More noise than signal

Tales from Earthsea

Republished from the show notes of my other site, Fuds on Film.

The fantasy realm of Earthsea is in the middle of interesting times, in the Chinese proverbial sense. Thought long-vanished, dragons have returned to the skies. Crops are failing in the kingdom of Elad, and while the King seems wise and dedicated, he’s also a heartbeat away from being assassinated by, it turns out, his own son, Prince Arren, who takes his father’s sword and flees to the country.

It seems his tale will come to an end on the wrong end of a pack of wolves’ combined teeth, but a chance encounter with the Archmage Ged, or Sparrowhawk, saves his life, and together they travel to Hort Town. Arren saves a young girl, Therru, from slavers, but no good deed goes unpunished, and the slaver gang return to capture Arren later.

Sparrowhawk again saves the day, but this brings him to the attention of the slaver’s master, Lord Cob, another powerful wizard who has tangled with Ged before, setting them on a collision course that will also drag in Ged’s friend Tenar, Therru’s guardian. It seems fate has chosen them to attempt to restore balance to the world, although that’s no easy task, and seems to lie in uncovering just what Lord Cob is up to, along with uncovering the secrets and problems of Therru and Arren both.

I’d read at least one of Ursula K. Le Guin’s Earthsea books in the dim and distant past, but I’d be lying if I remembered more than vague concepts from them. Still, there were enough threads nagging away at me while watching Gorō Miyazaki’s take on the world of Earthsea to do a little digging afterwards, and it’s a pretty loose amalgamation of, well, all of them, picking and choosing a bunch of themes and events and wrapping them up in a neat bow, but a bow that turns out just to look neat rather than have any capacity to hold things together, and then everything just flops out all over the shop.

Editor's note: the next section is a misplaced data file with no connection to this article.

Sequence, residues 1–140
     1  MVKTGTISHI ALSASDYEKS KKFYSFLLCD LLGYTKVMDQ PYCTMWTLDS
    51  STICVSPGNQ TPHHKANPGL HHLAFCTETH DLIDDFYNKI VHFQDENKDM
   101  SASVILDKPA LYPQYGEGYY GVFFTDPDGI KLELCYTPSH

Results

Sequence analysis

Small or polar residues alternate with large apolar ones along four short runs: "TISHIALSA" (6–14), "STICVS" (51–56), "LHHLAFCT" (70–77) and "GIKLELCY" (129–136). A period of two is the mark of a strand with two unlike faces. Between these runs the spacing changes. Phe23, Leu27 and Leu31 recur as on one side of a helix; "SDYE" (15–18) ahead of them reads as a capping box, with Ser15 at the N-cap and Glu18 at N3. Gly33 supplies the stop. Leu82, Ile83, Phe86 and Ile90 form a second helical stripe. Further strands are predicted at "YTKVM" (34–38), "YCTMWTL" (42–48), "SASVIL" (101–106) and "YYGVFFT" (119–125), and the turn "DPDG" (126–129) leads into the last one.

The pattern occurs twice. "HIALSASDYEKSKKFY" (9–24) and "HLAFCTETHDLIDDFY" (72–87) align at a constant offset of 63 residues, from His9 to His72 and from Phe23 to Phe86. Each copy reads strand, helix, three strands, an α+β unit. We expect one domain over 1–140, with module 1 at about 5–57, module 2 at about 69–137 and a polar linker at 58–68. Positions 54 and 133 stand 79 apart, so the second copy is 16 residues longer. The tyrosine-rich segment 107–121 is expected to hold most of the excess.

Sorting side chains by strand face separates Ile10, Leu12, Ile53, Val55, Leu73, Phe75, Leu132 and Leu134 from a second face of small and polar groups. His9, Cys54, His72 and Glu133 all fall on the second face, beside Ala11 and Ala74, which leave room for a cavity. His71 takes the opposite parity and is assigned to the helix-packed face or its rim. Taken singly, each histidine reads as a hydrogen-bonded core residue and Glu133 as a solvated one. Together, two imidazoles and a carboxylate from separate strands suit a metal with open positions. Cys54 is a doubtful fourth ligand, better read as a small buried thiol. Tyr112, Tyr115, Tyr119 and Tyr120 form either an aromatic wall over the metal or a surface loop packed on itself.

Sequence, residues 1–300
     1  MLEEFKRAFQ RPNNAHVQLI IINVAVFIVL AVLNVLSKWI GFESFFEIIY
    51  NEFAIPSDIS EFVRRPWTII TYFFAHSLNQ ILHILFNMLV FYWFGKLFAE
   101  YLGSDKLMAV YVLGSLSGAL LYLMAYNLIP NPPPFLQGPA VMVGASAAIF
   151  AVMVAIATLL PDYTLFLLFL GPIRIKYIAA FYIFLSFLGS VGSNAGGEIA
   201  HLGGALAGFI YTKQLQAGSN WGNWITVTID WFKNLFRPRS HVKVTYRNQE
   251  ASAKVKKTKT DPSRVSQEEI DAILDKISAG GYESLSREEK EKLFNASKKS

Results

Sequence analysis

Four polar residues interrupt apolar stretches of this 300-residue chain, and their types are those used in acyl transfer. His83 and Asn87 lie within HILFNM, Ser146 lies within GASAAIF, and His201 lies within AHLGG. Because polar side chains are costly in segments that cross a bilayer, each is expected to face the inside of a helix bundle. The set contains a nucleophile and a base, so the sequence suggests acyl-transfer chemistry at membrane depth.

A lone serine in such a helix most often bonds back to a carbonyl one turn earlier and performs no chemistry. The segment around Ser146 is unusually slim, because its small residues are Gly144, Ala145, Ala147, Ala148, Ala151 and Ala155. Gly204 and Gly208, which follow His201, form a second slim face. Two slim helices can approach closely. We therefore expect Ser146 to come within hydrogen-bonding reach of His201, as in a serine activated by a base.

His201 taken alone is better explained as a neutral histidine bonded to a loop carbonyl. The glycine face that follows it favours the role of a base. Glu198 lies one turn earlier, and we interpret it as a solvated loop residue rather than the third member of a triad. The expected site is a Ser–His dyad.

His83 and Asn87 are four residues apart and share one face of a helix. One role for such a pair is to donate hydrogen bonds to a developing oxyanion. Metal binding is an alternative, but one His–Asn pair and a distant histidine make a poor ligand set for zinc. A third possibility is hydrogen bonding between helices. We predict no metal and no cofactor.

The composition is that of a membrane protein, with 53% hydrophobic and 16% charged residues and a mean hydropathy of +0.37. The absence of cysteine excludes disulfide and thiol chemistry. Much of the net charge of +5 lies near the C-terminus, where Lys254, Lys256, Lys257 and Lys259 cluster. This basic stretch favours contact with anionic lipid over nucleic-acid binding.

I presume Gorō knew the point of Le Guin’s books, as it’s mentioned enough times in the dialogue, just not in the actions. It’s instructive to look at the conclusion of A Wizard of Earthsea, where Ged is followed by a dark presence that’s revealed to be his darker natures, and only by facing this and accepting this as part of himself can he find peace. That’s adapted into Arren’s B-plot, but rather than accept that this neat Taoist principle could work as a finale, we instead get a rather more straightforward endgame of “use magic sword on evil wizard”. Now, I’m no expert of Taoism, but I don’t think that’s a central tenet of it.

The same feeling runs all through the adaptation, a sense that this doesn’t quite understand what its source material is about on anything more than a superficial level, and has tried to cram as much as possible into two hours rather than take any time at all to explain, in all but the broadest of strokes, why anything that’s going on is in any way important, or who these characters are, or what motivates them, again, on all but the most superficial levels. For a studio that’s normally so good at world building, it’s what makes this stick out like a sore thumb.

It’s also particularly critical in the case of Arren, who, remember, we are introduced to as he kills his father, an action that’s only barely touched on again, and his whole “struggle with darkness” arc is really quite poorly elucidated and needed a lot more focus.

This is the only Ghibli film that, for what very little it’s worth, holds a rotten rating on Rotten Tomatoes’ woefully simplistic rating scale. There are positives to take away from Tales from Earthsea, although admittedly it’s the usual Ghibli strong points. It looks and sounds great, and while it swings and misses on most points there’s an intriguing world behind Earthsea that makes the setting interesting almost by default. Indeed, for all its faults I enjoyed this more than The Wind Rises, and certainly more than Ocean Waves.

Now, third worst of the studio’s output is nothing to shout from the rooftops about, but this is Studio Ghibli we’re talking about. A minor work, but I’d say one that’s just barely good enough to recommend watching at some point rather than avoiding like the plague.